My general approach for this sort of thing: don't start messing around trying to reimplement your own date logic - it's hard, ie. you'll screw it up for the edge cases and look bad. Hint: if you have mod 7 arithmetic anywhere in your program, or are treating dates as integers anywhere in your program: you fail. If I saw the "accepted solution" anywhere in (or even near) my codebase, someone would need to start over. It beggars the imagination that anyone who considers themselves a programmer would vote that answer up.

Instead, use the built in date/time logic that comes with Python:

First, get a list of all of the days that you're interested in:

from datetime import date, timedelta    
FRI = 5; SAT = 6

# a couple of random test dates
now = date.today()
start_date = now - timedelta(57)
end_date = now - timedelta(13)
print start_date, '...', end_date    # debug

days = [date.fromordinal(d) for d in  
            range( start_date.toordinal(),
                   end_date.toordinal()+1 )]

Next, filter down to just the days which are weekends. In your case you're interested in Friday and Saturday nights, which are 5 and 6. (Notice how I'm not trying to roll this part into the previous list comprehension, since that'd be hard to verify as correct).

weekend_days = [d for d in days if d.weekday() in (FRI,SAT)]

for day in weekend_days:      # debug
    print day, day.weekday()  # debug

Finally, you want to figure out how many weekends are in your list. This is the tricky part, but there are really only four cases to consider, one for each end for either Friday or Saturday. Concrete examples help make it clearer, plus this is really the sort of thing you want documented in your code:

num_weekends = len(weekend_days) // 2

# if we start on Friday and end on Saturday we're ok,
# otherwise add one weekend
# F,S|F,S|F,S   ==3 and 3we, +0
# F,S|F,S|F     ==2 but 3we, +1
# S|F,S|F,S     ==2 but 3we, +1
# S|F,S|F       ==2 but 3we, +1

ends = (weekend_days[0].weekday(), weekend_days[-1].weekday())
if ends != (FRI, SAT):
    num_weekends += 1

print num_weekends    # your answer

Shorter, clearer and easier to understand means that you can have more confidence in your code, and can get on with more interesting problems.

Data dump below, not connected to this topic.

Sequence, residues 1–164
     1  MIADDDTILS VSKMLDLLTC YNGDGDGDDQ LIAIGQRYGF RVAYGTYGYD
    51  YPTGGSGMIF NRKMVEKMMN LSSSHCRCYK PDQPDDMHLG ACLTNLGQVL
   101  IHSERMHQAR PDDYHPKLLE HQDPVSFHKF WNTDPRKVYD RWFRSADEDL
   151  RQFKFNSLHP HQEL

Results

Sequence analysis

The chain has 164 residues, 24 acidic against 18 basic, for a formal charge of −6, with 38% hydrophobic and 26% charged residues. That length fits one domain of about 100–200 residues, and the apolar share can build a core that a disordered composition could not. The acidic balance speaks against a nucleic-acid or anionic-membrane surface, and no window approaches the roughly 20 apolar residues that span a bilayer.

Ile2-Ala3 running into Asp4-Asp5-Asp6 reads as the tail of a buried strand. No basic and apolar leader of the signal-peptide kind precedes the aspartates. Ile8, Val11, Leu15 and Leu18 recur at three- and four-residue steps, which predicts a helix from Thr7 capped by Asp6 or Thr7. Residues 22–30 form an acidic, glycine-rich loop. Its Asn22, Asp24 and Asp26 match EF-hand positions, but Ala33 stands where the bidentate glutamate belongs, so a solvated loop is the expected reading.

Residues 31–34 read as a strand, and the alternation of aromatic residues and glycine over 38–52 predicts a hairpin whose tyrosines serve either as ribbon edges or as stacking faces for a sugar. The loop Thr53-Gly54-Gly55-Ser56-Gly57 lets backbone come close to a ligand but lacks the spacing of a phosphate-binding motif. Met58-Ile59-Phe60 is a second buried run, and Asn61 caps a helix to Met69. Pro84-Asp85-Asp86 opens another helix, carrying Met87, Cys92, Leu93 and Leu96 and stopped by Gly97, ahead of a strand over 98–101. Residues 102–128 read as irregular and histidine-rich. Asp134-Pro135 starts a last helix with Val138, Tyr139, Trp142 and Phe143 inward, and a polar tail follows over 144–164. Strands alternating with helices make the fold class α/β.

share|improve this answer

To count whole weekends, just adjust the number of days so that you start on a Monday, then divide by seven. (Note that if the start day is a weekday, add days to move to the previous Monday, and if it is on a weekend, subtract days to move to the next Monday since you already missed this weekend.)

days = {"Saturday":-2, "Sunday":-1, "Monday":0, "Tuesday":1, "Wednesday":2, "Thursday":3, "Friday":4}

def n_full_weekends(n_days, start_day):
    n_days += days[start_day]
    if n_days <= 0:
        n_weekends = 0
        n_weekends = n_days//7
    return n_weekends

if __name__ == "__main__":
    tests = [("Tuesday", 10, 1), ("Monday", 7, 1), ("Wednesday", 21, 3), ("Saturday", 1, 0), ("Friday", 1, 0),
    ("Friday", 3, 1), ("Wednesday", 3, 0), ("Sunday", 8, 1), ("Sunday", 21, 2)]
    for start_day, n_days, expected in tests:
        print start_day, n_days, expected, n_full_weekends(n_days, start_day)

If you want to know partial weekends (or weeks), just look at the fractional part of the division by seven.

share|improve this answer

You would need external logic beside raw math. You need to have a calendar library (or if you have a decent amount of time implement it yourself) to define what a weekend, what day of the week you start on, end on, etc.

Take a look at Python's calendar class.

Without a logical definition of days in your code, a pure mathematical methods would fail on corner case, like a interval of 1 day or, I believe, anything lower then a full week (or lower then 6 days if you allowed partials).

share|improve this answer
I don't think you do. We could recast the problem with integers. Given an integer range - how many 'strips' of 2 integers at intervals of 7 are wholly or partially in that range... –  andybak May 19 '09 at 16:20
A calendar library is not necessary, but it would probably be very helpful. If the goal is to solve this problem quickly, one would probably use the 'calendar' or 'datetime' class. If this is just an intellectual exercise, then by all means, knock yourself out with integer arithmetic. ;-) –  las3rjock May 19 '09 at 17:26
@andybak, well as a counter point, consider the case where you have 2 days, Saturday and Sunday, as opposed to say, Monday, Tuesday. Or to go even further, say you had one day, Saturday. I think any raw integer method is going to fail there. Your code is going to need some clear logical idea of what days of the week there are and what constitues a weekend. –  James McMahon May 19 '09 at 17:37
@andybak, The downvote should be undoable. Unless they decreased the amount of time you have to undo it. Let me edit my question and then you should be able to undo the vote, if you so desire. –  James McMahon May 19 '09 at 17:44
The chosen answer does define days. Wither you use a built in library or roll your own you still can't just take a number divide it to intervals of 7 to get your answer. Your code has to have some concept of the days it is representing. –  James McMahon May 20 '09 at 2:12